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U.N.H.C.R. says 1.02 million Somali refugees still in East Africa
Saturday, May 25, 2013

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The UN refugee agency said there are still 1.02 million Somali refugees mainly hosted in regional countries of East Africa despite improved security in the Horn of Africa nation.

According to latest report from the UN High Commissioner for Refugees (UNHCR), the refugees are mainly hosted in Kenya, Yemen, Egypt, Ethiopia, Eritrea, Djibouti, Tanzania and Uganda.

“Over 1.1 million Somalis are internally displaced within the country, settled mainly in the south-central region,” the refugee agency said in its latest report for May received on Saturday.

According to the report, 11,516 Somalis have so far sought refugee in neighboring countries in 2013. This is despite the Horn of Africa nation undergoing a peace and national reconciliation process, with a series of landmark steps that have helped bring an end to the country’s nine-year political transition period.

“In the month of April, 15,000 movements were reported in different areas in Somalia due to insecurity, floods, IDP evictions as well as cross-border movements. Some 920 movements have also been recorded so far in May,” UNHCR said.

The report says that the spontaneous returns of Somali refugees from Kenya, Ethiopia, Saudi Arabia and Yemen continue to be recorded with 3,284 people reported to have moved in April.

The agency said a total of 18,108 refugees have returned from the neighboring countries into Somalia since January. Somalia is the country generating the third highest number of refugees in the world after Afghanistan and Iraq.

The UNHCR’s report comes as Kenya’s Deputy President William Ruto who is on a four-nation tour of Africa countries, said the instability in Somalia is piling pressure on the country’s security situation.

Ruto who spoke to Congo Brazzaville President Denis Sassou Nguesso and his Gabon counterpart Ali Bongo separately in their respective countries stressed the need to expand the African Union forces in Mogadishu to ensure the Horn of Africa country was stable.

“We need to stabilize Somalia fully because the continued absence of a stable government is piling a lot pressure on Kenya,” Ruto said according to a statement issued on Friday by his office.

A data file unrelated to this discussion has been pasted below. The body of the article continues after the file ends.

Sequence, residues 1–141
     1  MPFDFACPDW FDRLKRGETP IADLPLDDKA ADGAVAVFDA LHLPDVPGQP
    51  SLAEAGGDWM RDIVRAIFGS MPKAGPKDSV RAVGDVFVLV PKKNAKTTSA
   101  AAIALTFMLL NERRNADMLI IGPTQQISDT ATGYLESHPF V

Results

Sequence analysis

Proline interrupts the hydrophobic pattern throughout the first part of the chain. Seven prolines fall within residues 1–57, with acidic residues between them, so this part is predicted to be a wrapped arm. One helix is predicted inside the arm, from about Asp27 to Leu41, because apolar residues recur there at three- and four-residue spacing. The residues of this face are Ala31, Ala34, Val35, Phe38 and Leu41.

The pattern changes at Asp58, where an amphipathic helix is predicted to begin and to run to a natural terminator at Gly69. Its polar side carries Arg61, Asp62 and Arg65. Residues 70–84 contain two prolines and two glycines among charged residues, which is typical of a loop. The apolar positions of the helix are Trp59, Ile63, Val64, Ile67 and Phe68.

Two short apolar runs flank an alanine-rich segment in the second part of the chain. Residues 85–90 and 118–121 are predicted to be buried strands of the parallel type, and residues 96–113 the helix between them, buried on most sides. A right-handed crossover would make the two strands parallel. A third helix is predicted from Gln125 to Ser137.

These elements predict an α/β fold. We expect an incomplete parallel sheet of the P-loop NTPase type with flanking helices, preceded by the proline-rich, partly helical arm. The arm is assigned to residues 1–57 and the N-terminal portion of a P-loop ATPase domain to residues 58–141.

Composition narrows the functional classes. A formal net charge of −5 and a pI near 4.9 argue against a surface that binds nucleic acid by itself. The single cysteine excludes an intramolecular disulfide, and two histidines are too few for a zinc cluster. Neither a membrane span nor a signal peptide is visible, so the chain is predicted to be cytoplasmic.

Kenya, he added, was facing challenges in respect to hosting a big number of refugees and terrorist attacks from the Al-Shabaab.

Presidents Nguesso and Bongo respectively supported a proposal that AU should give enough resources and personnel to stabilize Somalia so that refugees can relocate back to their country so that Kenya can mange its security issues without external pressure.

The Kenyan deputy president briefed the two leaders on Kenya’s role in ensuring peace in the region. “The Somalia problem has compounded insecurity in Kenya with frequent attacks by the Al- Shaabab and proliferation of small arms,” Ruto said.

The East African nation has for many years generously hosted tens of thousands of Somalis refugees, fleeing fighting from central and southern Somalia whose lives were at substantial risk that requires international protection.

Kenya which hosted protracted negotiations that culminated in the formation of the transitional federal government of Somalia said the refugee situation continues to pose security threats to Nairobi and the region apart from the humanitarian crisis.

Relief agencies working in Daadab camp which hosts mainly Somali refugees attribute the movement to refugees crossing the border back to Somalia as that of refugees returning in search of work in Somalia as well as to check up on their farms and the assess the situation on the ground, especially as Al-Shaabab has ceded many towns and areas following the offensive by the AMISOM forces.

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